Should You Go to College Early? The Pros and Cons
Nontraditional adult college students—those attending college later in life, after the traditional ages of 18 to 22—are a fast-growing segment of college populations. But we don’t hear as often about nontraditional students on the other side of the typical age—those who enter college younger than their peers. They’re more rare as a group, but they’re out there.
Students who go to college early may have been home schooled, or they may have graduated high school early or decided to leave before graduation for a variety of reasons. If you’ve graduated early, you can also go to college early. However, there are a few stipulations—and things to consider.
You need to meet the requirements
These may vary according to the distance education college. Most schools will accept students age 17 without batting an eye, as many traditional high school students graduate at this age. However, you may have difficulty getting accepted into a college any younger than 16. Many colleges are reluctant to have students as young as 13 or 14 live by themselves on campus, so if you are accepted, you
may have to live at home.
Deciding on your college path isn't easy-and that's true when early college admission is an option as well as if you're more or less committed to a more traditional education.
Most colleges will consider you as any other applicant if you’ve already graduated from high school. If you haven’t, you could still be considered traditionally with a GED. If you have neither a high school diploma or a GED, the school may be willing to consider your application anyway with the right standardized test scores from the SAT or ACT—but this can vary between schools, so it’s best to talk to an admissions counselor.
The college environment is designed for older students. As a younger student, there’s a certain amount of independence that you’ll need to be ready for if you’re attending at a traditional campus. Because of your age, you’ll have less freedom than your peers—you won’t be able to drive, for example; you may not be able to get a job on your own; and so on. Living by yourself, you may be required to solve daily problems that you’re not ready for as a younger student. In addition, the party environment at some schools isn’t appropriate for younger students.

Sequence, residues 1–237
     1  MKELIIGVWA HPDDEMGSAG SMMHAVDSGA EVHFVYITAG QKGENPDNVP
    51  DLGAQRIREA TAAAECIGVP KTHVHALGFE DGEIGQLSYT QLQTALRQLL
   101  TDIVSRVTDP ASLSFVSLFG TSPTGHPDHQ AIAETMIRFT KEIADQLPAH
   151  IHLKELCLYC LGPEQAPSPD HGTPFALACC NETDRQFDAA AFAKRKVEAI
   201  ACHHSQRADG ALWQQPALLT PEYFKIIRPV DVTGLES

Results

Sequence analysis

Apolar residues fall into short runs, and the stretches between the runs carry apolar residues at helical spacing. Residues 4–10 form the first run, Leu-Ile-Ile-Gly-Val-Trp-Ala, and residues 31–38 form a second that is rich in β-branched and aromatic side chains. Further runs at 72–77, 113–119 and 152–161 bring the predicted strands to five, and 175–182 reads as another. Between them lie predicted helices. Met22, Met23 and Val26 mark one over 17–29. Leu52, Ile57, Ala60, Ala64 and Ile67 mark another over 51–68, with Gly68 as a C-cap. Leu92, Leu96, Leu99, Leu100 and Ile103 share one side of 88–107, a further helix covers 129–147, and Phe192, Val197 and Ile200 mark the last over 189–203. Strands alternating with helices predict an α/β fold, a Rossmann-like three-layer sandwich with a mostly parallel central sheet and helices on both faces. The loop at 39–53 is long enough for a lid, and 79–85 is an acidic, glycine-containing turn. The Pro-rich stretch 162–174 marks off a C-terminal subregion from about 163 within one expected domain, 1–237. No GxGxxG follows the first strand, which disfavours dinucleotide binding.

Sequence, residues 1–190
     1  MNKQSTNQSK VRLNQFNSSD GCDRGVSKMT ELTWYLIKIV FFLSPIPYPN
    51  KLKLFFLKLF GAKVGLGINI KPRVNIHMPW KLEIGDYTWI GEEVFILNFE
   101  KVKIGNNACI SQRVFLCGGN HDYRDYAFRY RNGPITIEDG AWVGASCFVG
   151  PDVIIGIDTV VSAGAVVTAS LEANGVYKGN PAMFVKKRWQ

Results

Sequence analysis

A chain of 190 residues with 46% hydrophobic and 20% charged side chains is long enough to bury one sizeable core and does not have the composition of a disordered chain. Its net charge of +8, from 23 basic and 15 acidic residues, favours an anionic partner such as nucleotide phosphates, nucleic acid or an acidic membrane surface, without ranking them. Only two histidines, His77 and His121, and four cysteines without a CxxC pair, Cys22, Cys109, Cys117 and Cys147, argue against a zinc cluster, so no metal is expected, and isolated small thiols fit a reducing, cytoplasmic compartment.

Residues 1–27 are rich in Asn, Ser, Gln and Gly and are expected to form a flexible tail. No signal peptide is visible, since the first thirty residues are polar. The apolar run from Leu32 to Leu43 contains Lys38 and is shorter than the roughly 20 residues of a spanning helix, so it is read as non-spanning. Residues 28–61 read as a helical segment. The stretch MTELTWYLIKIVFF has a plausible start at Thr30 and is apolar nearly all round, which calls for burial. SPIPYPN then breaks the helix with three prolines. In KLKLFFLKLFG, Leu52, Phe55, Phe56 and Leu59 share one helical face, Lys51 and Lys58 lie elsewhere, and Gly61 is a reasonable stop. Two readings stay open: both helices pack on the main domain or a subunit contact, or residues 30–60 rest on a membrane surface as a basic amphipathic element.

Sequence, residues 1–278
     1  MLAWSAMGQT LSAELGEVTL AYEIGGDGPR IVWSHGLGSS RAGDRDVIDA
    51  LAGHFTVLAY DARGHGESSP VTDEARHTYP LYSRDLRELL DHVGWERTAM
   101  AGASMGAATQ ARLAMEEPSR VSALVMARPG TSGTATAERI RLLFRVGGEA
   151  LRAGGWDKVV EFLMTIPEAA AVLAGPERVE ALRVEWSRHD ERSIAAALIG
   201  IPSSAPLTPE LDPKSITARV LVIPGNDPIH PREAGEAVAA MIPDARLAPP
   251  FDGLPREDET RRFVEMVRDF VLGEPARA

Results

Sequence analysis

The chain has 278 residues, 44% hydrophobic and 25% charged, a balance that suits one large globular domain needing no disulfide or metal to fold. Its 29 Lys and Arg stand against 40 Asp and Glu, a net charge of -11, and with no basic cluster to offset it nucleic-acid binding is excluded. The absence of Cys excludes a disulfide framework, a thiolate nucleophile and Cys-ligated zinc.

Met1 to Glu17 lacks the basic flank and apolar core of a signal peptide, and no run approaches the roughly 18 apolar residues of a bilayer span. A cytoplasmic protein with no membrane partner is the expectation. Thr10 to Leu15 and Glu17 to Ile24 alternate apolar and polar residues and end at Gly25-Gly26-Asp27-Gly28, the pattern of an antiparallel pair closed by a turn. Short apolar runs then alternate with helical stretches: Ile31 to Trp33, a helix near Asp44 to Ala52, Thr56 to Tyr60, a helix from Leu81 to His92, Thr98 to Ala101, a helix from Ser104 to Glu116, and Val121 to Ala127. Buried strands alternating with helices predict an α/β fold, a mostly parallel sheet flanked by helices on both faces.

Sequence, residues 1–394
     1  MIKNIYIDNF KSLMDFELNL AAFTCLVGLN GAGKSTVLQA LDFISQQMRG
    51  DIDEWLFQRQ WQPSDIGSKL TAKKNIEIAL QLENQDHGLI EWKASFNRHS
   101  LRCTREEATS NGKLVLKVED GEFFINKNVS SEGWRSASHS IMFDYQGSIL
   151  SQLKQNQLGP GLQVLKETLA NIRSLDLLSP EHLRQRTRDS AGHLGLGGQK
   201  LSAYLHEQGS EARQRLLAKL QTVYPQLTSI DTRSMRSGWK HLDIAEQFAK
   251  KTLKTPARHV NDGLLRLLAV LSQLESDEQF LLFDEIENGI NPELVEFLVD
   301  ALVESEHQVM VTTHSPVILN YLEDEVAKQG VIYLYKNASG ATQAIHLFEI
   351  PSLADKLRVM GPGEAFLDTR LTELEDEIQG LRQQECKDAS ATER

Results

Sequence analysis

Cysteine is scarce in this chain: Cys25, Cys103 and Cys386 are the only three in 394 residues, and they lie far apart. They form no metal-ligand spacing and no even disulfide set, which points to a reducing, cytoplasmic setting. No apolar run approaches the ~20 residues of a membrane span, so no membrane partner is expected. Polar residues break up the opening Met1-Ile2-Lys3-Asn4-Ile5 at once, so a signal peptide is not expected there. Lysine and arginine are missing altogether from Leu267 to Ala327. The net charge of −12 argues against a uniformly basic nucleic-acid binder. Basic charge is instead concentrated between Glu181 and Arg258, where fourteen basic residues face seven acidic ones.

You may be ready intellectually—but are you ready socially?
Part of the college experience is being able to blossom socially—and find peers you relate to. It’s more difficult to do that as a younger student, and you may miss out on that part of the college experience. Older students don’t necessarily get that part of the college experience, either—but younger students can make the choice to wait.
Getting done early has its own pros and cons
Getting done with your education early can be an advantage, if you can make it work for you. You’ll get started earlier in your career or postgraduate studies—and you’ll have more time to figure out your career path and build up your earning potential. Then again, you may decide that what you wanted when you were fifteen or younger isn’t the same thing you want when you’re twenty-four—and that you went completed college too young to make a good decision about your career path.
Deciding on your college path isn’t easy—and that’s true when early college admission is an option as well as if you’re more or less committed to a more traditional education. Going to college early isn’t for everyone. It has its pitfalls, but for some people, it can prove to be just what they need to get started—both in their education and in life.
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